I joined my school newspaper as a sophomore at Davidson College. The first week, I learned how to use PageMaker and a Mac. The second week, I wrote the lead coverage of the Sept. 11 attacks. I was hooked. I went on to serve as sports editor, news editor and managing editor and got an English degree in my spare time. After college, I did a Dow Jones Newspaper Fund copy editing internship at the Macon (Ga.) Telegraph before starting graduate school as a Park Fellow at the University of North Carolina, where I expect to receive a master’s degree in journalism in May. This past summer, I worked on the copy desk of the Oregonian, which is 2,859 miles from my hometown of Mocksville, N.C. My most recent accomplishments include catching 38 pounds of beads at Mardi Gras and watching every episode of “Designing Women.” Oh, one more thing: I like piña coladas and getting caught in the rain.
University of Ottawa
It’s the little things that get you caught. Sometimes, I’m still tempted to throw a “u” in “color” or “favorite.” Other days, I want to say that I’m driving 100 kilometres — not 65 miles — per hour. And then there’s the unforgivable “eh?” I’m determined to lose that. I grew up in Ottawa, Ontario, Canada. Living just across the border from Quebec, I learned to speak both French and English. Later, in my junior year in high school (or, as we say, grade eleven), I moved to a small town in Italy, where I learned Italian. I continued to study Italian and in April I graduated from the University of Ottawa with a degree in communications and Italian. Throughout university I worked at the Fulcrum, my school’s English-language campus weekly, where I wrote and edited the sports section. In the summer of 2005, I interned at the Wilmington (Del.) News Journal. Living in the States has taught me a lot that watching Detroit’s 6 o’clock news (which I catch regularly in Canada) can’t. For instance, how to enjoy a Fourth of July holiday, eat Funions and measure gas in gallons, not litres. I still haven’t grasped Fahrenheit.
I grew up in York, Maine, a small seaside town about an hour north of Boston. Sports dominated my youth, hours of playing touch football at the field down the street or spending all weekend on the couch watching the Red Sox or Patriots. When a few teachers told me in the seventh grade that I had a knack for writing, I started telling my parents I was going to write for Sports Illustrated one day. I started working toward that goal in high school, when I became the first sports reporter at the York Independent. I worked there until college, when I started writing for the Daily Orange at Syracuse University. I became an assistant sports editor my freshman year and sports editor the year after. The past two summers, I worked as a sports intern at the Boston Globe. In between, I worked as a stringer for the Portland Press Herald and contributed to Sports Illustrated On Campus. I expect to graduate from Syracuse in May.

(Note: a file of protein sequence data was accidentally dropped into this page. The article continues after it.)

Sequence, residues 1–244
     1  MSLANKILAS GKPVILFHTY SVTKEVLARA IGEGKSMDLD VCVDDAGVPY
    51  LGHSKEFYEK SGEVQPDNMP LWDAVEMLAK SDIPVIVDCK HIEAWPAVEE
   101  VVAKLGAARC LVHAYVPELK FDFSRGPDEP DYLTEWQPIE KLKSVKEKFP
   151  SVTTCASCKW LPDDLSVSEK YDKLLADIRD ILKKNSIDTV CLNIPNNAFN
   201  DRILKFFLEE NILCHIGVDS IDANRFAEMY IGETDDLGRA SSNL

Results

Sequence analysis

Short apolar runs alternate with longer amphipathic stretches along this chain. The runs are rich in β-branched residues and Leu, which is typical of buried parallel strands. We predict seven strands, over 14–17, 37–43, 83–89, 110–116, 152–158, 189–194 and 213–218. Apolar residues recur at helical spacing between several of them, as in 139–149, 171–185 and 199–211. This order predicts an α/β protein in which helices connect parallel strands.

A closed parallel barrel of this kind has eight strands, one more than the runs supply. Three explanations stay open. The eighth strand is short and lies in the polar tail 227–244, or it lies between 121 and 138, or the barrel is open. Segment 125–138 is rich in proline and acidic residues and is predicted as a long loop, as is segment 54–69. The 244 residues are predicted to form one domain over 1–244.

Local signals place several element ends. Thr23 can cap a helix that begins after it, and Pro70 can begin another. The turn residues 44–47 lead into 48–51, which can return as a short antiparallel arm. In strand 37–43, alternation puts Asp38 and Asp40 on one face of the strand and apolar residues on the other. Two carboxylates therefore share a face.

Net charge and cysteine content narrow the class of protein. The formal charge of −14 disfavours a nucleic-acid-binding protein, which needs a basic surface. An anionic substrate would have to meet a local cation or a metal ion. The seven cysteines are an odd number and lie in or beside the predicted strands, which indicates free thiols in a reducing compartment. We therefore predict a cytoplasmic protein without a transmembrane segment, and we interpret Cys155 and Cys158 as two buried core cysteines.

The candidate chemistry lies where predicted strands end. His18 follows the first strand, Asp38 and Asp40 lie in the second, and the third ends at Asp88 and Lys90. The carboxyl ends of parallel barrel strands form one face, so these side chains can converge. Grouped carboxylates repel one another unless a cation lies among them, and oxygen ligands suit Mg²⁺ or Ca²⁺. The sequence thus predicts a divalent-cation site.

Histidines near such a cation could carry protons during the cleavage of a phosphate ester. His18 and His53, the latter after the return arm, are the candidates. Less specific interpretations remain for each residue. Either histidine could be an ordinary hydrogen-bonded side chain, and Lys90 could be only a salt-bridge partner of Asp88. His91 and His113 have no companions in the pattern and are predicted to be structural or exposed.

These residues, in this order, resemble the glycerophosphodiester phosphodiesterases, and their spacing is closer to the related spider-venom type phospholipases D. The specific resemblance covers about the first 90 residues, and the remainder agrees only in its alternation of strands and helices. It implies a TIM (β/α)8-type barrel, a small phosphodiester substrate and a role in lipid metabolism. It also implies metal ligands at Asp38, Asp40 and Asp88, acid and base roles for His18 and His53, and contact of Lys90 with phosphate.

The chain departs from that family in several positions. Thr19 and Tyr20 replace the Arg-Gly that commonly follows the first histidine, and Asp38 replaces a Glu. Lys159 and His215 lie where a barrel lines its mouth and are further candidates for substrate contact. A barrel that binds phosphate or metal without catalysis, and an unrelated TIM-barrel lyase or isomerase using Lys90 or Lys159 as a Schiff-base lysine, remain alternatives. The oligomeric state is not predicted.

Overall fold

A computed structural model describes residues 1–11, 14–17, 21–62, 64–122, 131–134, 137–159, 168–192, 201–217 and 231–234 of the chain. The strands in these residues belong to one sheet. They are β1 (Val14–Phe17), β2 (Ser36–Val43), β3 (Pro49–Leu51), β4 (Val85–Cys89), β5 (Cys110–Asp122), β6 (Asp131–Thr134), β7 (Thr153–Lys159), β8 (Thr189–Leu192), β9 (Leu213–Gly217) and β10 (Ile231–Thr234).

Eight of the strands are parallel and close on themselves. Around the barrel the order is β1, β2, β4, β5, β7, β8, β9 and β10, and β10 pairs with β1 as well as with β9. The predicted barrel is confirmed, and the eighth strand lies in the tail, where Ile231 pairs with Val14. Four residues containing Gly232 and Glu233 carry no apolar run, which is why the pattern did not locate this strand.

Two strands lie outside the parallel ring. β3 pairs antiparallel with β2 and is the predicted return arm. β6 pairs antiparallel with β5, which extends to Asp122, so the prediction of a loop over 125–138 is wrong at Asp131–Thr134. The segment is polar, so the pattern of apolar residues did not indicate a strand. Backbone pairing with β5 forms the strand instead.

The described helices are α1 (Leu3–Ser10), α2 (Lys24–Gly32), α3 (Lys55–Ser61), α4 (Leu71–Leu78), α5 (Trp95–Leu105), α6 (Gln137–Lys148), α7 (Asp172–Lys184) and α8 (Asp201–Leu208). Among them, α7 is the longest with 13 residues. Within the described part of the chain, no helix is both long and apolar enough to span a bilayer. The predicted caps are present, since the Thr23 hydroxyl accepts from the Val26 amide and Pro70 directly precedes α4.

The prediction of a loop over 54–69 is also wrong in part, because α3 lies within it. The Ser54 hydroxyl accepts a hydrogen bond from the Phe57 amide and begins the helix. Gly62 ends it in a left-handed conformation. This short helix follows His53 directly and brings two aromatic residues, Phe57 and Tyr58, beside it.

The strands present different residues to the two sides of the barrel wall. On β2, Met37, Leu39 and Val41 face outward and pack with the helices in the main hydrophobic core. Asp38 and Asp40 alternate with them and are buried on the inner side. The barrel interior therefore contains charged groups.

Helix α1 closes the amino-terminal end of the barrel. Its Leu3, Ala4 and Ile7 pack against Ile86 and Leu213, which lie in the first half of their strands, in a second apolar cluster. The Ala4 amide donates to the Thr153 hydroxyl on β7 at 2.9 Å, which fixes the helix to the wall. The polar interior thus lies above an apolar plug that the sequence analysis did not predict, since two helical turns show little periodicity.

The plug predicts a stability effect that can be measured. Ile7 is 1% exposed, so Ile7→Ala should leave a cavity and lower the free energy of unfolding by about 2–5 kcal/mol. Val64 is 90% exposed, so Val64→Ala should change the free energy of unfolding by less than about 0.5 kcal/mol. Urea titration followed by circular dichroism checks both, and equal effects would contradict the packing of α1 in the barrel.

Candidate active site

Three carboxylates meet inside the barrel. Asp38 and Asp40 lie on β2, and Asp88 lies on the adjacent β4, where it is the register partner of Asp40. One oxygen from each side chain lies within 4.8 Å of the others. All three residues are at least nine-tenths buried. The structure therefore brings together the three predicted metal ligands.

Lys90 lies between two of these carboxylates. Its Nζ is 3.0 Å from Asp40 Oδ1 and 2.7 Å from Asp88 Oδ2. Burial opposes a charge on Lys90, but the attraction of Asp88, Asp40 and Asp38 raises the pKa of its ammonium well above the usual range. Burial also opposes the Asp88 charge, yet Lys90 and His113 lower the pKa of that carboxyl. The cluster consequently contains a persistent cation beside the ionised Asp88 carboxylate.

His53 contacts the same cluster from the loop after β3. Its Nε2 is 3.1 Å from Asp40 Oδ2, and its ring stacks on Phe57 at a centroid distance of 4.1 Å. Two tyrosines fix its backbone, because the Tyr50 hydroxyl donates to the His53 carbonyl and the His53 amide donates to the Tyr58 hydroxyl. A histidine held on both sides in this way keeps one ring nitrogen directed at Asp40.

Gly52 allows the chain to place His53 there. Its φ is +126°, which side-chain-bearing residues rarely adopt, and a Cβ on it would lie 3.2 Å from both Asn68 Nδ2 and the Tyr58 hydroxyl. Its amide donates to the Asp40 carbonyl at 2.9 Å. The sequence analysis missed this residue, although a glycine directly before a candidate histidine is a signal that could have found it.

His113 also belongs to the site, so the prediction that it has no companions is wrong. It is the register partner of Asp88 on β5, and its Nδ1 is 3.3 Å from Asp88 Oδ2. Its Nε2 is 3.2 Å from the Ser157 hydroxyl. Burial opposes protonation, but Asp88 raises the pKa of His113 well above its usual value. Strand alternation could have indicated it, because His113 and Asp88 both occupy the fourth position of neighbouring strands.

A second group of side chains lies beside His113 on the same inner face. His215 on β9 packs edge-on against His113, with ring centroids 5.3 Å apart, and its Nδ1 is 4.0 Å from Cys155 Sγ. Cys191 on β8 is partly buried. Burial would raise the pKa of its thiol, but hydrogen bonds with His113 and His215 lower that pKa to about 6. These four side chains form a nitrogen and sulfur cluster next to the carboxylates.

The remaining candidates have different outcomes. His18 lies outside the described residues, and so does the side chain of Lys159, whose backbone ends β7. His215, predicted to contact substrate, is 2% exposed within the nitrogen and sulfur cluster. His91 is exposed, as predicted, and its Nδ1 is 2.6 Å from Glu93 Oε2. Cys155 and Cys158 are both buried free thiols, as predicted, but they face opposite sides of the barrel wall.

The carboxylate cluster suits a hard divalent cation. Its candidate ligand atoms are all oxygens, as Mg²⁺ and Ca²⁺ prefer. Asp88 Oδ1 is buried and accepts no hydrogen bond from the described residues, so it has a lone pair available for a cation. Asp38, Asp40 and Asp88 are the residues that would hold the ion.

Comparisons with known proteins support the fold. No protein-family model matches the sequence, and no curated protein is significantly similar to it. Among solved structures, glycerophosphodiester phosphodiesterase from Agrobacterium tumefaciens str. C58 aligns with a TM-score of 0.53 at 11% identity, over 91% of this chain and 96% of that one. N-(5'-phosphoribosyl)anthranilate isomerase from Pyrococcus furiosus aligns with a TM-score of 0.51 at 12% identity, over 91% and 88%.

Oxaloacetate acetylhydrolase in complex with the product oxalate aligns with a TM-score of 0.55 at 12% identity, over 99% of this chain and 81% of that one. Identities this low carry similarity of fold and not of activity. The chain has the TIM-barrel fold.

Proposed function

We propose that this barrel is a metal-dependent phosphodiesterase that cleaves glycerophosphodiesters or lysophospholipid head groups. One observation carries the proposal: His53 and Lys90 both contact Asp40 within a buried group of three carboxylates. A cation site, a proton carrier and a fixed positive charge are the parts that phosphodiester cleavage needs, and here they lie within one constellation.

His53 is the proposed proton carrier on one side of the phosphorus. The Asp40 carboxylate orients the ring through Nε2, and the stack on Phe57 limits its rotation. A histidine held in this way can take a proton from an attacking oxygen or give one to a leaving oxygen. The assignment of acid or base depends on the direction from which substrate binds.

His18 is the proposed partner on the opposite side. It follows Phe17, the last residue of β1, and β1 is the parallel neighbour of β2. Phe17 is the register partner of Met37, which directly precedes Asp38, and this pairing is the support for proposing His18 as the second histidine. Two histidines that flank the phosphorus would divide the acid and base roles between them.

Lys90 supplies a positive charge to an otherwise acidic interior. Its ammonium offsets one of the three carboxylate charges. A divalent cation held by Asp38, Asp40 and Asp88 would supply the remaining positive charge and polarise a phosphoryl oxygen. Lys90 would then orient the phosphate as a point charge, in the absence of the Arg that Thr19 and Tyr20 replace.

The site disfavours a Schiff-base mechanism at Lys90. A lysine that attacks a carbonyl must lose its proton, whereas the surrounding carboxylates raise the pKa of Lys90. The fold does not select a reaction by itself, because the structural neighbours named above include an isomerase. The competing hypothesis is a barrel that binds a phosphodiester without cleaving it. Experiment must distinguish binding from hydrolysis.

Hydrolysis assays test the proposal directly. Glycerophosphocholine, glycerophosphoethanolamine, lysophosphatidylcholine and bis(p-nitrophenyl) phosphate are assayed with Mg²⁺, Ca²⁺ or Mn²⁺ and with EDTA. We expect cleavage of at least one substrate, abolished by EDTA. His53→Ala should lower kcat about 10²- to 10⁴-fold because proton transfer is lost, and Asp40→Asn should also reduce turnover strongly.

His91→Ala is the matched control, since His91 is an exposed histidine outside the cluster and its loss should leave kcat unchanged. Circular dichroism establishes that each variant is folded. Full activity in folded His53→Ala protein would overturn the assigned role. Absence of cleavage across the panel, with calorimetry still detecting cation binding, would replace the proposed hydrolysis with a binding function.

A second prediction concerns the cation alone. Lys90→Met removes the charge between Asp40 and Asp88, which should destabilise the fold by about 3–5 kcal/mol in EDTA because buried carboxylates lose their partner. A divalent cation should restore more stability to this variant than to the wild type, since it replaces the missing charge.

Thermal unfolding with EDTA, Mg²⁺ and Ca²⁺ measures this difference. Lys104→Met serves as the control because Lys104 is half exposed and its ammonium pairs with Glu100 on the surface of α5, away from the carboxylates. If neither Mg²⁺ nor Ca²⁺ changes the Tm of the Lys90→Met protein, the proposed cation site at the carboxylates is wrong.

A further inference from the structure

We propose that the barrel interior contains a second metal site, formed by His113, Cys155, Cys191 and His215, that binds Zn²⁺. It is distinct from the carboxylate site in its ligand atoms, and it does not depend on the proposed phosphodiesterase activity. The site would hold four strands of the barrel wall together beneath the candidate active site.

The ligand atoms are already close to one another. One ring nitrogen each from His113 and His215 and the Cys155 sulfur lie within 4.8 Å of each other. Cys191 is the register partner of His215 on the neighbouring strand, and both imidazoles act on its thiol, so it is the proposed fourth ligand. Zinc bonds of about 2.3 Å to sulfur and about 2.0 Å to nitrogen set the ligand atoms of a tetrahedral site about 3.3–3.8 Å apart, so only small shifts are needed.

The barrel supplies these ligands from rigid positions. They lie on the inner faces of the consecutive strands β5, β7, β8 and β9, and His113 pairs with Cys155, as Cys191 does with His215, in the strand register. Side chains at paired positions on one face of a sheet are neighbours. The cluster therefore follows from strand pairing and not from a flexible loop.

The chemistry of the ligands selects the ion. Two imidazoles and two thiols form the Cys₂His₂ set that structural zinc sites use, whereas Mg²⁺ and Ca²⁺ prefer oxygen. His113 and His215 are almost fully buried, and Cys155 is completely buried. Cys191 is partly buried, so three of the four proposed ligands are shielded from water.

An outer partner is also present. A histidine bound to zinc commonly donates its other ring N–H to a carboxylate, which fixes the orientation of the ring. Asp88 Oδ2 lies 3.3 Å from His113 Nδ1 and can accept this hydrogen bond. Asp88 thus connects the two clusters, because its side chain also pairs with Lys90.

Of all the characteristics needed to be a good journalist, one stands out in my mind: a complete and utter lack of a sense of self-preservation. As the last summer intern still working at the Times-Picayune in New Orleans last summer, I disregarded the pleas of friends and family and stayed on to cover Hurricane Katrina and its aftermath. During my final term as a Northwestern University undergraduate last spring, I spent most of my time scouring the streets of Gary, Ind., to investigate a possible wrongful murder conviction. Sources for our project in the one-time murder capital of America included well-known drug dealers and would-be murderers. I grew up in suburban Houston, and ever since fancying Clark Kent more than Superman as a young comic book reader, reporting has been a way of life. As an undergraduate at Northwestern, I worked as a reporter and editor at the Daily Northwestern. That led me to internships at the Galveston Daily News in Texas, the Birmingham News in Alabama, the Miami Herald and the Times-Picayune. I’m finishing a year of graduate work at Northwestern, where I have spent most of my time in Washington covering Congress.
Assistant News Editor, News Desk